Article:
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October 17, 1995


The opinion of the court was delivered by: KOELTL


 JOHN G. KOELTL, District Judge:

 This case involves an alleged pattern of abusive conduct and eventual improper employment termination of the plaintiff, Stella Stylianou ("Stylianou"), by her employer, defendant St. Luke's Roosevelt Hospital ("St. Luke's"). Stylianou alleges violations of the Age Discrimination in Employment Act ("ADEA"), 29 U.S.C. §§ 621 et seq., by the defendant. She argues that her termination was motivated by her age. In addition, Stylianou asserts a claim of intentional infliction of emotional distress against the hospital resulting from the actions surrounding her termination. The defendant moves for summary judgment dismissing only the latter cause of action and Stylianou's resulting claim for punitive damages.


 Summary judgment may not be granted unless "the pleadings, depositions, answers to interrogatories, and admissions on file, together with the affidavits, if any, show that there is no genuine issue as to any material fact and that the moving party is entitled to judgment as a matter of law." Fed R. Civ. P. 56(c); see also Celotex Corp. v. Catrett, 477 U.S. 317, 322, 91 L. Ed. 2d 265, 106 S. Ct. 2548 (1986); Anderson v. Liberty Lobby, Inc., 477 U.S. 242, 247-48, 91 L. Ed. 2d 202, 106 S. Ct. 2505 (1986); Gallo v. Prudential Residential Servs., Ltd. Partnership, 22 F.3d 1219, 1223 (2d Cir. 1994). "The trial court's task at the summary judgment motion stage of the litigation is carefully limited to discerning whether there are any genuine issues of material fact to be tried, not to deciding them. Its duty, in short, is confined at this point to issue-finding; it does not extend to issue resolution." Gallo, 22 F.3d at 1224.

 The moving party bears the initial burden of "informing the district court of the basis for its motion" and identifying the matter that "it believes demonstrate[s] the absence of a genuine issue of material fact." Celotex, 477 U.S. at 323. The substantive law governing the case will identify those facts which are material and "only disputes over facts that might affect the outcome of the suit under the governing law will properly preclude the entry of summary judgment." Anderson, 477 U.S. at 248. In determining whether summary judgment is appropriate, a court must resolve all ambiguities and draw all reasonable inferences against the moving party. See Matsushita Elec. Indus. Co. v. Zenith Radio Corp., 475 U.S. 574, 587, 89 L. Ed. 2d 538, 106 S. Ct. 1348 (1986) (citing United States v. Diebold, Inc., 369 U.S. 654, 655, 8 L. Ed. 2d 176, 82 S. Ct. 993 (1962)); see also Gallo, 22 F.3d at 1223.

 If the moving party meets its burden, the burden shifts to the nonmoving party to come forward with "specific facts showing that there is a genuine issue for trial." Fed. R. Civ. P. 56(e). With respect to the issues on which summary judgment is sought, if there is any evidence in the record from any source from which a reasonable inference could be drawn in favor of the nonmoving party, summary judgment is improper. See Chambers v. TRM Copy Centers Corp., 43 F.3d 29, 37 (2d Cir. 1994).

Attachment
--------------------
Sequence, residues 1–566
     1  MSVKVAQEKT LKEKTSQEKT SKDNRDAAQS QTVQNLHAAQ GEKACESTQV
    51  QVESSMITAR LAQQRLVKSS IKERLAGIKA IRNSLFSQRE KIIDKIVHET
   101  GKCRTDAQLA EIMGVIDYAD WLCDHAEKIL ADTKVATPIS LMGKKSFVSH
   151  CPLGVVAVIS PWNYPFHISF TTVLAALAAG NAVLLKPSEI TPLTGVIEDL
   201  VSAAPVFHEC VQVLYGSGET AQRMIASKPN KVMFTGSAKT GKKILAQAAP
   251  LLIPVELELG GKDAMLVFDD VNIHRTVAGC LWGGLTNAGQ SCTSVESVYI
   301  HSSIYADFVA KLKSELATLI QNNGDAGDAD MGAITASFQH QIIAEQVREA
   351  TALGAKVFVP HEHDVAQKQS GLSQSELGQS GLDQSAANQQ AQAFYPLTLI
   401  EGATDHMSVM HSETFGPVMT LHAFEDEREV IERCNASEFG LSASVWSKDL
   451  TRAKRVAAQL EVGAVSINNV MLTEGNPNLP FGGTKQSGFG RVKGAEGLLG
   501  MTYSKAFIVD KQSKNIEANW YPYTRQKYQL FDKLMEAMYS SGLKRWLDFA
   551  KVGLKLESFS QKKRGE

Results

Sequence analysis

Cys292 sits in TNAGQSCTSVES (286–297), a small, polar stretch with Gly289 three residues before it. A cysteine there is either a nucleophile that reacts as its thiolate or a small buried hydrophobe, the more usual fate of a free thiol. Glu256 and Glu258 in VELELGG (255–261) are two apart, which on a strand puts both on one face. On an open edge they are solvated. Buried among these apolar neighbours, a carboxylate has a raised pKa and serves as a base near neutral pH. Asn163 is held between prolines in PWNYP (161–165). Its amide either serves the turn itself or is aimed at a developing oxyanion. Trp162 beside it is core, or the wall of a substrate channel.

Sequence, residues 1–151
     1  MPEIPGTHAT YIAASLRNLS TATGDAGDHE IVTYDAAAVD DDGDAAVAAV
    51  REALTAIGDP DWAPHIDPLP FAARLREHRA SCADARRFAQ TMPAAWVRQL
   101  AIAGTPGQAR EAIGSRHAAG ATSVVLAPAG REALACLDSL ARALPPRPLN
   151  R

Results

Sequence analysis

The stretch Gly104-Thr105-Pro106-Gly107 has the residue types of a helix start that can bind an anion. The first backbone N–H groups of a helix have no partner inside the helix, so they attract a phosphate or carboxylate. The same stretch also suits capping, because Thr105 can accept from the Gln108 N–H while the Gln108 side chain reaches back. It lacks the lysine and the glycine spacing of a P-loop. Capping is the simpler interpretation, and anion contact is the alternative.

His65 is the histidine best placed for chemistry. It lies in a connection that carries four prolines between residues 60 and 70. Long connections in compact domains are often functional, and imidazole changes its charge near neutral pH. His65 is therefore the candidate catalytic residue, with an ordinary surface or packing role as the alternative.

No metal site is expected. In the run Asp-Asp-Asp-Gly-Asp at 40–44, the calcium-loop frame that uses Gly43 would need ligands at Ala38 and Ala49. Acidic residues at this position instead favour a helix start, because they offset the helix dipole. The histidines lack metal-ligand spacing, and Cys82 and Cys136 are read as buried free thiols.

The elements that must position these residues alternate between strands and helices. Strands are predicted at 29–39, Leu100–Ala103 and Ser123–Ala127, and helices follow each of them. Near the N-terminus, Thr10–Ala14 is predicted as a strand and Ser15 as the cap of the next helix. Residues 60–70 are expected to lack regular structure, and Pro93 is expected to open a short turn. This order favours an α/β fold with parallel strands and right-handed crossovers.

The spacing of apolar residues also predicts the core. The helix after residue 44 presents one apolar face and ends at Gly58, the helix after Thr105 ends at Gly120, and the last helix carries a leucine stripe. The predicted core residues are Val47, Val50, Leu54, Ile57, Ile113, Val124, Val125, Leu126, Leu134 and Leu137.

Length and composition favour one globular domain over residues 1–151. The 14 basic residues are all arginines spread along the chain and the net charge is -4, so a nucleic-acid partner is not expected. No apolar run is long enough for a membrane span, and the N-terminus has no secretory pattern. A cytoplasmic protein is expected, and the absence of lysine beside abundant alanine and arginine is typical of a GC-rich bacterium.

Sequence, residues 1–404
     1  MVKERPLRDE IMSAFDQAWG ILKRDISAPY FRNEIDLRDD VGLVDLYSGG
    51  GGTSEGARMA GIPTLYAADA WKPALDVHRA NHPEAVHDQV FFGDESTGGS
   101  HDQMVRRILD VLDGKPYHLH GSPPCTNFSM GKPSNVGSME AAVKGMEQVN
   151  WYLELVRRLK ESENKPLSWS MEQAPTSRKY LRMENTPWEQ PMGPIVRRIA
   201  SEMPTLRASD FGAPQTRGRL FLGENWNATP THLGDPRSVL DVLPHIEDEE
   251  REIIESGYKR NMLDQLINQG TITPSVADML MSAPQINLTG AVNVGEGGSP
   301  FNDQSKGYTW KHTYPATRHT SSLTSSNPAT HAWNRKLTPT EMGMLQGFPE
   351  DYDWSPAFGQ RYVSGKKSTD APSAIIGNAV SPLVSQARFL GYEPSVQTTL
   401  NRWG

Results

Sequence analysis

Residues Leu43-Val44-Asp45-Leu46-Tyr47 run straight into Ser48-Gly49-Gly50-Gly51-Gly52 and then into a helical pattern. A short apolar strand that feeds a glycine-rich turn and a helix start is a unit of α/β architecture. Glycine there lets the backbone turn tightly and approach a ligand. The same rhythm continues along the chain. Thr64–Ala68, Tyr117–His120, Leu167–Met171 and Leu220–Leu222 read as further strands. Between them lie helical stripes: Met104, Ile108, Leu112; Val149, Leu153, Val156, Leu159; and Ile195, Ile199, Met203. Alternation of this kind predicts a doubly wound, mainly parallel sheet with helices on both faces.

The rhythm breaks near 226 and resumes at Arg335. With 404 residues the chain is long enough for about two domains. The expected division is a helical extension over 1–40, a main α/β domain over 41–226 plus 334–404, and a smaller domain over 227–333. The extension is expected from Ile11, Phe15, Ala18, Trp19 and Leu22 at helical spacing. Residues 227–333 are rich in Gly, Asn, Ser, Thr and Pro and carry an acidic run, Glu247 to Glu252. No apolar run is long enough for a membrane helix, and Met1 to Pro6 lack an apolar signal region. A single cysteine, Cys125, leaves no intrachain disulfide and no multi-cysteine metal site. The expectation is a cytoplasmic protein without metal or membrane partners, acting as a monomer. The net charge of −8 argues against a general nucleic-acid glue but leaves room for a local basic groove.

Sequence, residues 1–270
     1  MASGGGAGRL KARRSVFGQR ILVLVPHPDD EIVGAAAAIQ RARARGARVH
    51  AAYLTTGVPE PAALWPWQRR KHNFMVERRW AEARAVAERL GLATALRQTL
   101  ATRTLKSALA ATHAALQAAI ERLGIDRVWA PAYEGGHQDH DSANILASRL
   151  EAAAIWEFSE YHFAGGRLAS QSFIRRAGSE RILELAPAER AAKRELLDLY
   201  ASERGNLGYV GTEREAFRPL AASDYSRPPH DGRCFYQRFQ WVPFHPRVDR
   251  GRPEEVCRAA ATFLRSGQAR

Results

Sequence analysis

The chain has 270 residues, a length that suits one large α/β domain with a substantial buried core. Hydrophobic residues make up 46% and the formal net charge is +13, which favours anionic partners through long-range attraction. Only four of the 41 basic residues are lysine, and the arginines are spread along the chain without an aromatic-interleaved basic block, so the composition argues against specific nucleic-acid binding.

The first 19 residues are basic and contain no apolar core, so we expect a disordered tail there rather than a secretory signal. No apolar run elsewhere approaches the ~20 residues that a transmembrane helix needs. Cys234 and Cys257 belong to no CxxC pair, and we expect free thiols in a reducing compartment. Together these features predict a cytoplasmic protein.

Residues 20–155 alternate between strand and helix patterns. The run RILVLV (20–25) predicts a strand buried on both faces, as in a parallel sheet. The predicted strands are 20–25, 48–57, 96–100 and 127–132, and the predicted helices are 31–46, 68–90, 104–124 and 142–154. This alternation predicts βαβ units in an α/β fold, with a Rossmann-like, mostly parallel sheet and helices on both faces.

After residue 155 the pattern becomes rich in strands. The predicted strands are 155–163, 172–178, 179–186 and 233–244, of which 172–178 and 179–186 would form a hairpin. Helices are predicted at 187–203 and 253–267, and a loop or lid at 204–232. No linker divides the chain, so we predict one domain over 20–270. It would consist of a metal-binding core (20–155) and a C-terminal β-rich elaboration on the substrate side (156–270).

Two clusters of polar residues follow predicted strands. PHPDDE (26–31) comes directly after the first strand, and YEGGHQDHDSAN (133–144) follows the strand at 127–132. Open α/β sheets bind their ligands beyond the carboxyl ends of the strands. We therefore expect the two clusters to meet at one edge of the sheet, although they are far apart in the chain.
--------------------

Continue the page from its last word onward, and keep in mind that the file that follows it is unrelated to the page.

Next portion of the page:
Stella Stylianou was employed by St. Luke's for over twenty years in different capacities. (See Am. Compl. PP 15, 16, 18.) At the time of her termination on May 6, 1992, Stylianou's title was Coordinator of Doctors' Private Offices. (See Am. Compl. PP 16, 17, 43.) Stylianou asserts that the circumstances which led to her eventual removal from that position began in February 1992, (Am. Compl. P 31), and resulted in her experiencing extreme emotional distress (Am. Compl. PP 41, 55, 63.)

 In February 1992, Stylianou's supervisor Rosita Juul, Director of Real Estate for St. Luke's, prepared Stylianou's annual performance appraisal for the previous year. (Aff. of Karen Stefflre, dated May 26, 1995 ("Stefflre Aff.") Ex. E.) Stylianou was directed, through a memorandum dated January 27, 1992, to schedule an appointment with Juul to receive her appraisal. (Stefflre Aff. Ex. C.) Stylianou did not schedule any such appointment. (Id.) Instead, Stylianou states that she contacted one of Juul's superiors, voicing concerns regarding Juul's ability to evaluate her fairly. (Aff. of Stella Stylianou, dated June 8, 1995 ("Stylianou Aff.") P 8, Ex. A.) Subsequently, a memorandum was hand delivered to Stylianou on February 11, stating that Juul had scheduled her performance appraisal for February 13. (Stefflre Aff., Ex. C.) Stylianou failed to appear for that appointment and failed to explain her absence to her supervisor. (Id.)

 A written disciplinary warning from Juul was hand delivered to Stylianou by an employee from the Human Resources Department. (Id.; Stylianou Aff. PP 12, 13.) The correspondence stated that if her performance did not improve, her employment could be terminated. On February 21, Juul and an employee from the Human Resources Department went to Stylianou's office to inform her that she was to report for her performance appraisal that day, which Stylianou did. (Stylianou Aff. PP 9, 14, Ex. B.)

 It is Stylianou's contention that these actions were a source of embarrassment to her in the St. Luke's work community. (Stylianou Aff. P 12.) She alleges that the visits by Juul and the employee from Human Resources were done in such a way so that all of her co-employees could observe her being disciplined and were used to intimidate, shock, and place pressure upon her. (Stylianou Aff. P 13.) In addition, Stylianou states that the usual practice followed by the Human Resources Department was to call an employee to the Department's offices if there were sensitive or disciplinary matters to be discussed. (Stylianou Aff. P 9.)